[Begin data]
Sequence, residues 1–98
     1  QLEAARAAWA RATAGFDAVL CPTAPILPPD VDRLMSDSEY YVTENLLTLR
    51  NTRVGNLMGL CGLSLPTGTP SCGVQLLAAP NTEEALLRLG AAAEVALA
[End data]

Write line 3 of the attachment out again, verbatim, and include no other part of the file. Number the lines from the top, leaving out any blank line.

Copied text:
    51  NTRVGNLMGL CGLSLPTGTP SCGVQLLAAP NTEEALLRLG AAAEVALA